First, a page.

Who can know the dancer from the dance? (Among School Children, WB Yeats)
The ‘Knowing the Dance’ project has taken quantam leaps (as it were) this past couple of months and I am stockpiling blog post ideas to share and document what has been happening. Before I start, because this project from the perspective of my own poetry writing practice is one of an expanded understanding of where and how the breadth and body are located within the poems in order to make better decisions when writing, I wanted to talk a bit about editing.
Accentuate the positive
Poems are never finished, just abandoned Paul Valery
This post is prompted by a 7 hour edit (examination, exploration are possibly more biddable words) with two others using breath, mark-making and movement, of three lines of a fifteen year old, previously published poem of mine – which gave me an insight into what was/wasn’t working – but also about the situation I was writing about itself. To terrifying, but in a good way, effect.
…And then a slew of conversations with those enthusiastic to write but slower to engage in a ‘robust’ (my word of the week) editing process.
For me, poetry writing has two big hits of delight. First, the magical, mystical, inspiration-driven, breathtaking first write, and then the slower relationship building, discovering, exploring and generally getting to know better what had caught my attention so mesmerisingly in the first write (the second delight is a gift that keeps on giving) with a view to sharing this in the clearest way that I can – and that means, for me, understanding as well as I can the full world of poetry (‘what is poetry’ who can say but yet we still seek to understand). To not engage fully with this second bit, is to miss some of the most exciting parts of the whole process. And the second bit is, my opinion, companiable and where I certainly have found met some of my best friends.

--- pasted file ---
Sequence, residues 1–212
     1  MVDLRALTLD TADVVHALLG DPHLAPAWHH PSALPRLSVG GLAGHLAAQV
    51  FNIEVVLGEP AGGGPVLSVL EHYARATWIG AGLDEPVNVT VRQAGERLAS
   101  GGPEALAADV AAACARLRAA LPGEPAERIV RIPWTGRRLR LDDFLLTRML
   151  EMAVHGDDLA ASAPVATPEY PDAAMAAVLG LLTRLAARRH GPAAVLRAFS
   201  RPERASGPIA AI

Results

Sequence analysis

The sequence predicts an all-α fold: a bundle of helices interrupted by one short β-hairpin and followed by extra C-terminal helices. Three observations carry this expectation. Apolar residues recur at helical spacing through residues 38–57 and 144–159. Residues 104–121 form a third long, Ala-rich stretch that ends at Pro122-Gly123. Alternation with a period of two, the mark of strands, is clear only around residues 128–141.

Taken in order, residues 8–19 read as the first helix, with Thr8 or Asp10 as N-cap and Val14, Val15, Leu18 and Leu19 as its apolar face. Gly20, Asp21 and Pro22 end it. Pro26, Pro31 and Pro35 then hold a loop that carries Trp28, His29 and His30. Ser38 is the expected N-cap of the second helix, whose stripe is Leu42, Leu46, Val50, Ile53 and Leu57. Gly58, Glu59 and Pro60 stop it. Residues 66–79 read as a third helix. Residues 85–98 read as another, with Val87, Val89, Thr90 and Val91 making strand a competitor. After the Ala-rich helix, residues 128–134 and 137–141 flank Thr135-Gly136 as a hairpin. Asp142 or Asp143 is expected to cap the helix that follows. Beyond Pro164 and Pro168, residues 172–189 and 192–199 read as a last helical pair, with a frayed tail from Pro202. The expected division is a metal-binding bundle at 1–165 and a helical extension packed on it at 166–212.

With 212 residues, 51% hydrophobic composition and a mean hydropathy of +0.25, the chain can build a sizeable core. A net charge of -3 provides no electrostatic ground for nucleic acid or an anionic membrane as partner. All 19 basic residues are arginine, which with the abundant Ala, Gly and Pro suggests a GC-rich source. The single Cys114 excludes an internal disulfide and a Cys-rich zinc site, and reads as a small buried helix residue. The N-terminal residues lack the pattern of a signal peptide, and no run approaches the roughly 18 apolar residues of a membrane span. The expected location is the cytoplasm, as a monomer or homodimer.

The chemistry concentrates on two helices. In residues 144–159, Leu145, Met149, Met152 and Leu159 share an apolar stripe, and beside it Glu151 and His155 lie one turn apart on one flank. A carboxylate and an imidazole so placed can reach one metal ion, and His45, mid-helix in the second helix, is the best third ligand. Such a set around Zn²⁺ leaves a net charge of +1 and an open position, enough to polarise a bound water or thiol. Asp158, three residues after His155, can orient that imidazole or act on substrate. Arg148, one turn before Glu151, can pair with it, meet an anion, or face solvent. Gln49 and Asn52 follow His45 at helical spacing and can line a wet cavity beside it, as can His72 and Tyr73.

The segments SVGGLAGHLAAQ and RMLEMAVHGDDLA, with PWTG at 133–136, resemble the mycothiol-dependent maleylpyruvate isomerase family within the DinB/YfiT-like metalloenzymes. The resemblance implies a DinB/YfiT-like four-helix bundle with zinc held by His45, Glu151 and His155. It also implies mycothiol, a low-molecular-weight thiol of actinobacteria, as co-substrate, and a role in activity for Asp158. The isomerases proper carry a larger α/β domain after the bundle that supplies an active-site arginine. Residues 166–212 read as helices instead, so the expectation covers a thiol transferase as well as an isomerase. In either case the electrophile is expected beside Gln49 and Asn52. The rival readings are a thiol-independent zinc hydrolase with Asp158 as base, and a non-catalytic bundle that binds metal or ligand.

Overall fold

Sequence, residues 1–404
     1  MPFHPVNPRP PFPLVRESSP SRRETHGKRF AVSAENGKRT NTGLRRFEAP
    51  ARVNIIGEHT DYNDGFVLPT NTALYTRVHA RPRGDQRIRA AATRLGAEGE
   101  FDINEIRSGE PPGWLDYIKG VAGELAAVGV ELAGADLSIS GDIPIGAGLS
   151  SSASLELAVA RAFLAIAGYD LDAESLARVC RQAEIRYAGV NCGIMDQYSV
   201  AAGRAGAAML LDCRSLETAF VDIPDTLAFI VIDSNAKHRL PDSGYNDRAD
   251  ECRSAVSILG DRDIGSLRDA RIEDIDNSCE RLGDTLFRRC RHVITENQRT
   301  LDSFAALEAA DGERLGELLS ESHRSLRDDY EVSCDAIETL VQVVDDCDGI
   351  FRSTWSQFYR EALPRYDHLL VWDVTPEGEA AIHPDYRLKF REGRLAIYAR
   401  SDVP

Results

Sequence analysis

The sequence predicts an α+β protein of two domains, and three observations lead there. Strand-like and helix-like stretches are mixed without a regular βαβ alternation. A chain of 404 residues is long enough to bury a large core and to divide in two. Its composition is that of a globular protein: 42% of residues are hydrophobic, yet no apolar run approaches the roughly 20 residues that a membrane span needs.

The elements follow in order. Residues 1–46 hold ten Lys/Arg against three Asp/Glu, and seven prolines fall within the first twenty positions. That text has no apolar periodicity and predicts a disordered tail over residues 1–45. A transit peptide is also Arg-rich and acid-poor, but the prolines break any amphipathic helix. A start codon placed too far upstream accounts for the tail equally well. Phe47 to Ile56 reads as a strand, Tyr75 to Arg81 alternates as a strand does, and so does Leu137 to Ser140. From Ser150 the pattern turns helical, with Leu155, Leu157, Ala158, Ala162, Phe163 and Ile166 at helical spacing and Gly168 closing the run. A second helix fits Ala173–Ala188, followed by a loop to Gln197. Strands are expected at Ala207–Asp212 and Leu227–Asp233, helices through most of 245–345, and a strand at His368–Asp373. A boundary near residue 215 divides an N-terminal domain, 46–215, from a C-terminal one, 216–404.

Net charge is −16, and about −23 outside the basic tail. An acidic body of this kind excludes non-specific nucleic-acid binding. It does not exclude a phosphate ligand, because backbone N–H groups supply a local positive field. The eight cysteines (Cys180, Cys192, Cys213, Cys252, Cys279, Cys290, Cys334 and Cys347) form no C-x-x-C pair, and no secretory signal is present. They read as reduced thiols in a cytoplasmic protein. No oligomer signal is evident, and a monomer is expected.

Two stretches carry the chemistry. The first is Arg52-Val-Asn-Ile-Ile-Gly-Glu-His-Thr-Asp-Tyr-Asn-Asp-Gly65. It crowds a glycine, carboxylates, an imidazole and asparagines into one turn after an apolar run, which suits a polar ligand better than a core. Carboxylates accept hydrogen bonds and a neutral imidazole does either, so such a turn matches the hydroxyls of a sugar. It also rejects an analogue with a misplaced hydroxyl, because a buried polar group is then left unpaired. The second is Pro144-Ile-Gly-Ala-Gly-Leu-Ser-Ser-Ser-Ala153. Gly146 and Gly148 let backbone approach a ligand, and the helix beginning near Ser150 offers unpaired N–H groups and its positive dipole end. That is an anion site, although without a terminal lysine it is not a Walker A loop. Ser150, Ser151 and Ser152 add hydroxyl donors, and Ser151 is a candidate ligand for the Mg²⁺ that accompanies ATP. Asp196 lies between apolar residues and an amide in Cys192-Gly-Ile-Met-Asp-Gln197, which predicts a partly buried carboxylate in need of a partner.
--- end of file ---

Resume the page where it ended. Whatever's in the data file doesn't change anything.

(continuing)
Eliminate the Negative
As an aside, before going further I need to show my hand and say I adore the whole world of poetry and editing is, for me, one of the most engaging, intuitive, extending parts. I can be a bit vehement on one particular subject of it – and I am thrilled to have found and be able to channel Meryl from a scene from ‘The Devil Wears Prada’ (a film which I otherwise don’t like at all except for Meryl Streep and Stanley Tucci being in it) which I wish I could recite off by heart in response to those who think the the wider context of poetry has nothing to do with their writing…
Mess with Mister Inbetween
And so it is, that editing for me is a kind of enthusiastic, intuitive, reflective, often inspiration-driven-but-in-a-quieter-way, process with company in mind. Sort of a mix of dressing for the beloved, while making selections which may, if I am lucky, also provoke admiration from those quicker, or in a position, to judge.
In terms of my own poetry development, the ‘Knowing the Dance’ project has come, in part (not entirely) from seeing a lot of natural movement occuring in my poetry and wanting to know more about the meeting place between movement and poetry so that I have a toolkit of sorts to really examine the moving parts of it so that I can comunicate it with better effect for both me and the reader/hearer. A new way of editing that is very exciting to me.
I am hoping to share some of this one way or another, and hoping that might be useful to you as well.
Knowing the Dance
‘Knowing the Dance’ is a yearlong project exploring the meeting place between movement/dance and poetry and is supported by the Arts Council of Northern Ireland’s Artist Career Enhancement Scheme (ACES). Looking at movement in the work for the purposes of editing is just one aspect of the project – I am currently working on a body of poems, and a dance/poetry collaboration performance (first performance to take place early September 17) among other things.